History peeking through.
Seen in Lakeview. August 2015.
Greetings to all of my fellow food and history lovers! I am sorry that it has been so long since I last posted a historic recipe, but life has gotten in the way of my food experimenting time. 😉 To make it up to you, I have found a recipe that very well may be the best one yet. It came from an 1896 cookbook for a girls’ cooking school (titled, of course The Boston Cooking-School Cook Book), and I can’t tell you how much I loved looking through this book and finding this cake recipe.
Plus, the author’s name is Fannie Farmer. That makes anything she writes pure gold. From what I could tell by her introduction in the book, she had a very scientific mind and had an eye to the future of proper dietary planning and its effects on personal health. Hats off to Fannie, a natural leader and a woman ahead of her time.
Since this is my birthday week, I wanted to make a cake if I could find a suitable recipe. I found one for which I already had all of the ingredients and supplies needed, so it was the winner! The recipe for “Sunshine Cake” reads as follows:
“Whites 10 eggs.
1 1/2 cups powdered sugar.
Yolks 6 eggs.
1 teaspoon lemon extract.
1 cup flour.
1 teaspoon cream of tartar.
Beat whites of eggs until stiff and dry, add sugar gradually, and continue beating; then add yolks of eggs beaten until thick and lemon colored, and extract. Cut and fold in flour mixed and sifted with cream of tartar. Bake fifty minutes in a moderate oven in an angel cake pan.”
Taking a shot at making egg whites stiff and fluffy is always daunting, but you know what? If our foremothers could do it without a stand mixer, I can certainly try with all of my modern amenities! Let’s see how my sunshine cake turned out.
While my cake was cooling, I contemplated a frosting. After attempting one recipe and failing (I will try it again and make it work in the future–promise!), I decided to go with a super simple recipe I found in the same cookbook called “Confectioners’ Frosting:”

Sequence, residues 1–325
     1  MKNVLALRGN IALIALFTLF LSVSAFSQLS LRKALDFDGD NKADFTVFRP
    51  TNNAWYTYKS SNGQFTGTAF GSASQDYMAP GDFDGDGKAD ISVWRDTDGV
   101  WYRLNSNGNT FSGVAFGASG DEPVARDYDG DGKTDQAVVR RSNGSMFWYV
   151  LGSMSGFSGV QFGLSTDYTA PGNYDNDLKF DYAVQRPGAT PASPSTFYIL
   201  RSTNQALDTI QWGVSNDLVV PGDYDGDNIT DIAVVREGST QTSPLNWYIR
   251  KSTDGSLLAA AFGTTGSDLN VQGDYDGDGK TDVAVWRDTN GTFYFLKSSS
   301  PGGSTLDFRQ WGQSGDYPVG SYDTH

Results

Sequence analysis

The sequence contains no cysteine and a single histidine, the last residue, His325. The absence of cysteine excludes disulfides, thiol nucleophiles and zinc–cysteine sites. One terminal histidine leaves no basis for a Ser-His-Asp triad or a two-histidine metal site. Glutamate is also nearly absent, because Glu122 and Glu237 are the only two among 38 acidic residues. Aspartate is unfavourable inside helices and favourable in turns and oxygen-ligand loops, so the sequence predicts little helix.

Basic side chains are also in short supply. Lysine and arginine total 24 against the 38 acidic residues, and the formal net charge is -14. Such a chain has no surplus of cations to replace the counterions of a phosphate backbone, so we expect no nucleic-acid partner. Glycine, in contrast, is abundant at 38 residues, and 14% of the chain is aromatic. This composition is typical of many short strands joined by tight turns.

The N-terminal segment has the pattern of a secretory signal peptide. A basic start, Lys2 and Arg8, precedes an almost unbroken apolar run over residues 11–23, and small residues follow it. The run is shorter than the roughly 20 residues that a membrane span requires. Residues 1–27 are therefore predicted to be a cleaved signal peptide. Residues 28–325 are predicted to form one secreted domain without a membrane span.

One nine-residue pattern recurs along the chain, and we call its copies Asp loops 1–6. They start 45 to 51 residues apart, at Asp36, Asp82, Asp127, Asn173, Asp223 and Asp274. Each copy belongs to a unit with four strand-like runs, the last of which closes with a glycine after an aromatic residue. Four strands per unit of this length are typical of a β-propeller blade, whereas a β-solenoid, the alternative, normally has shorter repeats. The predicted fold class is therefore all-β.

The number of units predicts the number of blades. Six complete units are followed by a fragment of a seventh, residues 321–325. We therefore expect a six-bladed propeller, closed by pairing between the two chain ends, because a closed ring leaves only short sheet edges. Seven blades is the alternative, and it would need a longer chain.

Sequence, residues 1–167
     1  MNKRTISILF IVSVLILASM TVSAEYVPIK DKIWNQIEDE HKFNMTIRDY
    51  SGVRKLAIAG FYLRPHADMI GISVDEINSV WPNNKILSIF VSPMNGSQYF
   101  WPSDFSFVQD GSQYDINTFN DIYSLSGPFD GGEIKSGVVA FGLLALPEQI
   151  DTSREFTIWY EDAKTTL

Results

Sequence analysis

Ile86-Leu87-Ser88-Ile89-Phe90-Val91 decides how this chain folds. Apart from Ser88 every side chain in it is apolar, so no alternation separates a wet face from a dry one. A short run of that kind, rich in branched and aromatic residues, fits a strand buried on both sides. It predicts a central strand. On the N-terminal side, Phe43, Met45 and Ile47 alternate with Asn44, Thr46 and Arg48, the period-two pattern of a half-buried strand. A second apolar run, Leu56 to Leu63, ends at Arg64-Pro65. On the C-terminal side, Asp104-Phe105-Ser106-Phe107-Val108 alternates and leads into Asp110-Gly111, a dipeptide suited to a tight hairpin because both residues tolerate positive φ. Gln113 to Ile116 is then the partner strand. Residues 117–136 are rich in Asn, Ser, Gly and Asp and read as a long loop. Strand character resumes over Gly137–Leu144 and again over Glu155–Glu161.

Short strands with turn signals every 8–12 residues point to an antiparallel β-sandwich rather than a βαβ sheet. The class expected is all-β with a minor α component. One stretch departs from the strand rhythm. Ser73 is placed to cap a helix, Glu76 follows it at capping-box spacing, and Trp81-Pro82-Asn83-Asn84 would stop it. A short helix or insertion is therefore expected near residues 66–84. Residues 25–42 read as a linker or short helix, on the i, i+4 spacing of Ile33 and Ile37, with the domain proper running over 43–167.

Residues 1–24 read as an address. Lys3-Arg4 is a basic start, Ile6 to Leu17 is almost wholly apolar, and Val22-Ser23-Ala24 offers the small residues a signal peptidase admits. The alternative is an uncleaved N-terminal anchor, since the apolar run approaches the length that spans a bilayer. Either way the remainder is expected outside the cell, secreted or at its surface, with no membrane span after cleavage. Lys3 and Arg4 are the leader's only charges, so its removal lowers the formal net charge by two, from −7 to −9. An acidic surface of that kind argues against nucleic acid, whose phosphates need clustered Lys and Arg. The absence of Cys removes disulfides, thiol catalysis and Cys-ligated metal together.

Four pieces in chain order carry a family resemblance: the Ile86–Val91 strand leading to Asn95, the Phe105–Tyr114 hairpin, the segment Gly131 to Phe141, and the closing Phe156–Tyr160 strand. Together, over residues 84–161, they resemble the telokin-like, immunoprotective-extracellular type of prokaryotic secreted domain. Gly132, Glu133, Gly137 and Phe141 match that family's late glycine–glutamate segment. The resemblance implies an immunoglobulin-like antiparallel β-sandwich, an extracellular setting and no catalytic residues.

“2 tablespoons boiling water.
To water add enough sifted sugar to make of right consistency to spread; then add flavoring. Fresh fruit juice may be used in place of boiling water. This is a most satisfactory frosting, and is both easily and quickly made.”
Sunshine Cake was one of my favorite recipes to make so far. But really, I have loved all of the recipes with which I’ve experimented over these months, whether they turned out great or were duds. That’s just part of the process. This book said it best with this quote in its front pages:
Cookery means all of that and so much more to me. How I love it so.
Hello, friends! It is time once again to delve into the world of historic recipes. This week, I was lucky enough to come across a tasty recipe for some little treats in a cookbook published in 1832 titled Seventy-Five Receipts for Pastry, Cakes, and Sweetmeats (a book I have used before in my historic eats endeavors). This recipe was for baked goods called jumbles, which don’t exactly sound too appealing but are indeed delicious!
The recipe for “Jumbles” reads as follows:
Half a pound of flour, sifted.
Half a pound of butter.
Half a pound of powdered loaf-sugar.
A table-spoonful of rose-water.
A nutmeg grated.
A tea-spoonful of mixed mace and cinnamon.
Stir the sugar and butter to cream. Beat the eggs very light. Throw them, all at once, into the pan of flour. Put in, at once, the butter and sugar, and then add the spice and rose-water. If you have no rose-water, substitute six or seven drops of strong essence of lemon, or more if the essence is weak. Stir the whole very hard, with a knife.
Spread some flour on your paste-board, and flour your hands well. Take up with your knife, a portion of the dough, and lay it on the board. Roll it lightly with your hands, into long thin rolls, which must be cut into equal lengths, curled up into rings, and laid gently into an iron or tin pan, buttered, not too close to each other, as they spread in baking. Bake them in a quick oven about five minutes, and grate loaf-sugar over them when cool.”
Most of the ingredients listed are typical in our kitchens today with the exception of rosewater and mace, which as I have explained in previous posts, can be found in places like Whole Foods or specialty shops. Both of these ingredients pack very powerful punches, so small amounts are all you need to make a difference in a recipe! Let’s see how they made a dessert like jumbles taste: